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ON FAITH & MEDIA View Comments

Zero Dark Thirty

By
John Mulderig
Source: Catholic News Service


U.S. Navy SEALs are portrayed in a scene from the movie "Zero Dark Thirty."
"Zero Dark Thirty" (Columbia) offers moviegoers a challenging account, based on real events, of the decade-long hunt for terrorist leader Osama bin Laden.

This gritty glimpse into the underworld of acknowledged detention centers and concealed prisons, known as "black sites," raises ethical quandaries and presents content that will prove unsettling even for many adults.

The action centers on a relentlessly determined CIA officer named Maya (Jessica Chastain). Urged on by her superiors, one of whom demands that she "bring me people to kill," Maya painstakingly gathers intelligence hints concerning bin Laden's whereabouts and those of his confederates.

Eventually she weaves these slender strands of evidence together sufficiently to track America's public enemy number one to his fortified compound in Abbottabad, Pakistan. There, as enacted in the film's climax, Navy SEALs killed him in May 2011.

Some of Maya's leads are obtained by her colleague Dan (Jason Clarke), who employs both physical and psychological torture to break down the prisoners he interrogates. His techniques include water-boarding, a process that simulates the effects of drowning, close confinement and various forms of humiliation.

While director Kathryn Bigelow and screenwriter Mark Boal have crafted a compelling drama, their movie's moral stance is ambiguous. The harsh reality of so-called "enhanced interrogation," as practiced by Dan, is graphically portrayed. Yet the results of subjecting prisoners to it are shown to be effective.

Viewers will need a strong grounding in their faith to discern the proper balance between the imperative of upholding human dignity and the equally grave obligation to save innocent human lives. They will also need to guard against the temptation to revel in the death of an evildoer.

As God asks the prophet Ezekiel, "Do I find pleasure in the death of the wicked—oracle of the Lord God? Do I not rejoice when they turn from their evil way and live?" (Ez. 18:23)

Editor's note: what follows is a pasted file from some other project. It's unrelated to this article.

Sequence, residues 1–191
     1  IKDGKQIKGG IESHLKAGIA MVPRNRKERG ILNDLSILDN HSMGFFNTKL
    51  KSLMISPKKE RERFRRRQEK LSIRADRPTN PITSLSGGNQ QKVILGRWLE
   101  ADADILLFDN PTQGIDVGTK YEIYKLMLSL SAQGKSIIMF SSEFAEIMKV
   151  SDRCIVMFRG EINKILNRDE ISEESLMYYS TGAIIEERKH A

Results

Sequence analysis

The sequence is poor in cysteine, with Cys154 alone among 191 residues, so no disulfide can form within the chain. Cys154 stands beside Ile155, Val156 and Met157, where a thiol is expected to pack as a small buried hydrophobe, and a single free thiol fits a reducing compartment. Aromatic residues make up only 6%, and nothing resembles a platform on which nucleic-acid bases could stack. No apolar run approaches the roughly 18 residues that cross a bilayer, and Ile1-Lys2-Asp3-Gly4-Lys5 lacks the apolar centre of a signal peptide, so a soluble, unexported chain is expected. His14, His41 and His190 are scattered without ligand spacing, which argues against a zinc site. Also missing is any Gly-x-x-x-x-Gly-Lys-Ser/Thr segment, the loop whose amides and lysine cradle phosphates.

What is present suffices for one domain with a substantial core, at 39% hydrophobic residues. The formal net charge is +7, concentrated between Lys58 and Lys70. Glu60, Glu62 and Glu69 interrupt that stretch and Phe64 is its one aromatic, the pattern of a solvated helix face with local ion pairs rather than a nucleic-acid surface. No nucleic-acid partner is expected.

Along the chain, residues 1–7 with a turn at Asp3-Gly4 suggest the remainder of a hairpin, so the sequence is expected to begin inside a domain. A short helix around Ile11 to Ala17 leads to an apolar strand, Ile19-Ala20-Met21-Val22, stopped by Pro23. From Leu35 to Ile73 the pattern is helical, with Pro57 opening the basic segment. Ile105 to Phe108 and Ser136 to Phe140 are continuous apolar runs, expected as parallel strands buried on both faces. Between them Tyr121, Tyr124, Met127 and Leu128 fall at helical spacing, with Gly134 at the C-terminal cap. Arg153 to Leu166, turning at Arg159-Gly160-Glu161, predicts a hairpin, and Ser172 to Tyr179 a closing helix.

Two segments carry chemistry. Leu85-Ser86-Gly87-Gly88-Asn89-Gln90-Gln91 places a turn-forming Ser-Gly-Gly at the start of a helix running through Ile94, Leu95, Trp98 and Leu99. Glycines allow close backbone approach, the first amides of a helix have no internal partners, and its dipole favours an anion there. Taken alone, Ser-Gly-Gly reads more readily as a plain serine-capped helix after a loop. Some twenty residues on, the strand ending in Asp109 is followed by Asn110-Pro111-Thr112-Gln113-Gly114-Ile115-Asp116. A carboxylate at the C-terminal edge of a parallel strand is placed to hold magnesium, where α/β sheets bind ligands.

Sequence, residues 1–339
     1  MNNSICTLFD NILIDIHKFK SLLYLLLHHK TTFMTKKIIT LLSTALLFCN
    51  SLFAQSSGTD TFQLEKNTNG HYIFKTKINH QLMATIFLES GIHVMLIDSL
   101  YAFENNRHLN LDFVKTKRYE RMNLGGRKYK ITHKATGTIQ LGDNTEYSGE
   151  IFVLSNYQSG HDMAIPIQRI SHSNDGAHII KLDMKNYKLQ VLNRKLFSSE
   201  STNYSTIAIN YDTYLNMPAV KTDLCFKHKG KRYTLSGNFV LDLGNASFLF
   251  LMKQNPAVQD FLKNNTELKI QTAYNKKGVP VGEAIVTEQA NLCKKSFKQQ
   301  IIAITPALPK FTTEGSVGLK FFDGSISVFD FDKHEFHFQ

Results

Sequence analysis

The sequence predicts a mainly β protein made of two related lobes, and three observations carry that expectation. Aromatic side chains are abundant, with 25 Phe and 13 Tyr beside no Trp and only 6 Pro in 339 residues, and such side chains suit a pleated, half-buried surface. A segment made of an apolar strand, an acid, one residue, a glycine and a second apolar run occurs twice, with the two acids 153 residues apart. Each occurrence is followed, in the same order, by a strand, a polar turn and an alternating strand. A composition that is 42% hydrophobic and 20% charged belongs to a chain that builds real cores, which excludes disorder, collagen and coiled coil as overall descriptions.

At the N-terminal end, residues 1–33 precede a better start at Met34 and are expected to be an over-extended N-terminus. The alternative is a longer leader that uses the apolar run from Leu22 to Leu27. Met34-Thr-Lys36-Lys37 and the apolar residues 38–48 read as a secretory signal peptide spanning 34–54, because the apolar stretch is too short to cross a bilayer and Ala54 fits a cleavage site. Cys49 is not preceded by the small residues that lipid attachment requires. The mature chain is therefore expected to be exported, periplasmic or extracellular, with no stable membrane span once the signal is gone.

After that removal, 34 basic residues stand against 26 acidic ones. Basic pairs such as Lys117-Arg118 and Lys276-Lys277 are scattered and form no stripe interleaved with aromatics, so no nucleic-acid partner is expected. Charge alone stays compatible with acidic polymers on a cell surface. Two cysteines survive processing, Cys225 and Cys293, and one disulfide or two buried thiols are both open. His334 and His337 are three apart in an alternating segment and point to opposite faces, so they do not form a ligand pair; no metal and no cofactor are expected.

In keeping with the tough-guy tone of the spying and soldiering worlds in which "Zero Dark Thirty" is set, moreover, the dialogue involves a steady assault with F-bombs and other vulgarities.

The film contains considerable violence, including scenes of torture and degradation, brief rear nudity, at least one use of profanity as well as frequent rough and crude language. The Catholic News Service classification is L—limited adult audience, films whose problematic content many adults would find troubling. The Motion Picture Association of America rating is R—restricted. Under 17 requires accompanying parent or adult guardian.

*****
John Mulderig is on the staff of Catholic News Service.





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Joachim and Anne: In the Scriptures, Matthew and Luke furnish a legal family history of Jesus, tracing ancestry to show that Jesus is the culmination of great promises. Not only is his mother’s family neglected, we also know nothing factual about them except that they existed. Even the names <i>Joachim</i> and <i>Anne</i> come from a legendary source written more than a century after Jesus died. 
<p>The heroism and holiness of these people, however, is inferred from the whole family atmosphere around Mary in the Scriptures. Whether we rely on the legends about Mary’s childhood or make guesses from the information in the Bible, we see in her a fulfillment of many generations of prayerful persons, herself steeped in the religious traditions of her people. </p><p>The strong character of Mary in making decisions, her continuous practice of prayer, her devotion to the laws of her faith, her steadiness at moments of crisis, and her devotion to her relatives—all indicate a close-knit, loving family that looked forward to the next generation even while retaining the best of the past. </p><p>Joachim and Anne—whether these are their real names or not—represent that entire quiet series of generations who faithfully perform their duties, practice their faith and establish an atmosphere for the coming of the Messiah, but remain obscure.</p> American Catholic Blog My hope is that my children reach beyond me in character. I don’t want to be their moral ceiling. That makes me responsible to guide and discipline them in directions I don’t always follow. And above all, to show them mercy for their human frailty, as I ask them to show me that same mercy for mine.

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